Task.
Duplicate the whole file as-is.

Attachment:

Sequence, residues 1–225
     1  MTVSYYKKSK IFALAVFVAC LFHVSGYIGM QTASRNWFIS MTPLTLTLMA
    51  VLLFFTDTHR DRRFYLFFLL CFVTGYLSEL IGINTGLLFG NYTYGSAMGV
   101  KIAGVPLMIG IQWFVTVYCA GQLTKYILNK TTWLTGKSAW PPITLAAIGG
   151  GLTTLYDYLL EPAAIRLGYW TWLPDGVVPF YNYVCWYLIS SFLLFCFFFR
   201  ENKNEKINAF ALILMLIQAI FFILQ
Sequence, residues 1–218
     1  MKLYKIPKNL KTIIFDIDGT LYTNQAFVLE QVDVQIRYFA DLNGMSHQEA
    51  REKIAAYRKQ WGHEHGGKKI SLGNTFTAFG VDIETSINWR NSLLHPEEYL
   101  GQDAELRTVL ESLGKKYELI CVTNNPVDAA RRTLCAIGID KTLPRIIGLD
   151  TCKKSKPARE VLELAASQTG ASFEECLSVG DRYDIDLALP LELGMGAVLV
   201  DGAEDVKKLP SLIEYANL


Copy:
Sequence, residues 1–225
     1  MTVSYYKKSK IFALAVFVAC LFHVSGYIGM QTASRNWFIS MTPLTLTLMA
    51  VLLFFTDTHR DRRFYLFFLL CFVTGYLSEL IGINTGLLFG NYTYGSAMGV
   101  KIAGVPLMIG IQWFVTVYCA GQLTKYILNK TTWLTGKSAW PPITLAAIGG
   151  GLTTLYDYLL EPAAIRLGYW TWLPDGVVPF YNYVCWYLIS SFLLFCFFFR
   201  ENKNEKINAF ALILMLIQAI FFILQ
Sequence, residues 1–218
     1  MKLYKIPKNL KTIIFDIDGT LYTNQAFVLE QVDVQIRYFA DLNGMSHQEA
    51  REKIAAYRKQ WGHEHGGKKI SLGNTFTAFG VDIETSINWR NSLLHPEEYL
   101  GQDAELRTVL ESLGKKYELI CVTNNPVDAA RRTLCAIGID KTLPRIIGLD
   151  TCKKSKPARE VLELAASQTG ASFEECLSVG DRYDIDLALP LELGMGAVLV
   201  DGAEDVKKLP SLIEYANL